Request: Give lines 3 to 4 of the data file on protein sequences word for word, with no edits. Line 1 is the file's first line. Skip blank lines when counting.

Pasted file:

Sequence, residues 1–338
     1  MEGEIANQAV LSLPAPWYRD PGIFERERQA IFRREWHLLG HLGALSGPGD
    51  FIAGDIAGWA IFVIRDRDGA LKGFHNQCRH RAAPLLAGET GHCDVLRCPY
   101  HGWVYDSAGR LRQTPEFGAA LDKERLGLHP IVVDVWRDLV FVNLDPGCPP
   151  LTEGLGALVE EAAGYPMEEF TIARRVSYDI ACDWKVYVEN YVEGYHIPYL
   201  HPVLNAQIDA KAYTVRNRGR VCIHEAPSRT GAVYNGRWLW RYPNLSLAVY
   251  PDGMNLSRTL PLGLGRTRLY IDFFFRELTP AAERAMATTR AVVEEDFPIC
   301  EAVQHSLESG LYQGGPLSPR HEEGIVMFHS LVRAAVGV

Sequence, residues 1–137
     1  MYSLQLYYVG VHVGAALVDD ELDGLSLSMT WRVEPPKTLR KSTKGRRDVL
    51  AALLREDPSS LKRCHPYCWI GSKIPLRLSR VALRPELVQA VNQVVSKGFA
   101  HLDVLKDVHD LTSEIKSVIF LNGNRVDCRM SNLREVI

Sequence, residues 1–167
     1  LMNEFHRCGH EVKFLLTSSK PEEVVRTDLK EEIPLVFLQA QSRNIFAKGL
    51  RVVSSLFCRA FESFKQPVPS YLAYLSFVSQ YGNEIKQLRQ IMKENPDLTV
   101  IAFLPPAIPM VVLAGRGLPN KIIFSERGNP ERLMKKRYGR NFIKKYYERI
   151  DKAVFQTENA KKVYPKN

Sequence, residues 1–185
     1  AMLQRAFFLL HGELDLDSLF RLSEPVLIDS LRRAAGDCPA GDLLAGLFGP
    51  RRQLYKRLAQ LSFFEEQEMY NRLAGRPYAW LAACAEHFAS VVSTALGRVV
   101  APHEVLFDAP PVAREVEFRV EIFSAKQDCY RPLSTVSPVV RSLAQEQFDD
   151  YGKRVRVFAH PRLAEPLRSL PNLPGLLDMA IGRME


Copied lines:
    51  FIAGDIAGWA IFVIRDRDGA LKGFHNQCRH RAAPLLAGET GHCDVLRCPY
   101  HGWVYDSAGR LRQTPEFGAA LDKERLGLHP IVVDVWRDLV FVNLDPGCPP